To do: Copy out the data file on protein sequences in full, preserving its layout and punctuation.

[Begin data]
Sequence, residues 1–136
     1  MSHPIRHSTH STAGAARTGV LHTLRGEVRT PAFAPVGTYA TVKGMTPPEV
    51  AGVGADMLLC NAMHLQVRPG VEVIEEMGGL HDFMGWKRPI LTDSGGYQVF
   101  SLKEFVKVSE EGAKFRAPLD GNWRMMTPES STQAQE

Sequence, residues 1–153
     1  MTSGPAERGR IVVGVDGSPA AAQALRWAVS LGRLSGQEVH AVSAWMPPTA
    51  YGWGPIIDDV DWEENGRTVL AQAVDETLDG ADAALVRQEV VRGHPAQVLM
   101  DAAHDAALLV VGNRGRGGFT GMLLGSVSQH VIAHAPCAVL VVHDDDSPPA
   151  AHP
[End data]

Sequence, residues 1–136
     1  MSHPIRHSTH STAGAARTGV LHTLRGEVRT PAFAPVGTYA TVKGMTPPEV
    51  AGVGADMLLC NAMHLQVRPG VEVIEEMGGL HDFMGWKRPI LTDSGGYQVF
   101  SLKEFVKVSE EGAKFRAPLD GNWRMMTPES STQAQE

Sequence, residues 1–153
     1  MTSGPAERGR IVVGVDGSPA AAQALRWAVS LGRLSGQEVH AVSAWMPPTA
    51  YGWGPIIDDV DWEENGRTVL AQAVDETLDG ADAALVRQEV VRGHPAQVLM
   101  DAAHDAALLV VGNRGRGGFT GMLLGSVSQH VIAHAPCAVL VVHDDDSPPA
   151  AHP